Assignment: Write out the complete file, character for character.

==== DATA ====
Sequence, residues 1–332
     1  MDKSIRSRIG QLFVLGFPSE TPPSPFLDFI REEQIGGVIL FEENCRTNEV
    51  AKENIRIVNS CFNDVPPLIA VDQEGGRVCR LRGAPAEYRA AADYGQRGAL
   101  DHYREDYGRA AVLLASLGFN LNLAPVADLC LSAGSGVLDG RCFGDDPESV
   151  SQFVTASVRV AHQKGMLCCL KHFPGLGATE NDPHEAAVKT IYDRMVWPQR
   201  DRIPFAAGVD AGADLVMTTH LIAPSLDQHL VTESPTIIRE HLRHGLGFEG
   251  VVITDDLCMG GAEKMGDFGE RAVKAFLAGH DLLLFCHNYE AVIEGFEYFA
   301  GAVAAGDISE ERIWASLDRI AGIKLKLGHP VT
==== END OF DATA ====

Sequence, residues 1–332
     1  MDKSIRSRIG QLFVLGFPSE TPPSPFLDFI REEQIGGVIL FEENCRTNEV
    51  AKENIRIVNS CFNDVPPLIA VDQEGGRVCR LRGAPAEYRA AADYGQRGAL
   101  DHYREDYGRA AVLLASLGFN LNLAPVADLC LSAGSGVLDG RCFGDDPESV
   151  SQFVTASVRV AHQKGMLCCL KHFPGLGATE NDPHEAAVKT IYDRMVWPQR
   201  DRIPFAAGVD AGADLVMTTH LIAPSLDQHL VTESPTIIRE HLRHGLGFEG
   251  VVITDDLCMG GAEKMGDFGE RAVKAFLAGH DLLLFCHNYE AVIEGFEYFA
   301  GAVAAGDISE ERIWASLDRI AGIKLKLGHP VT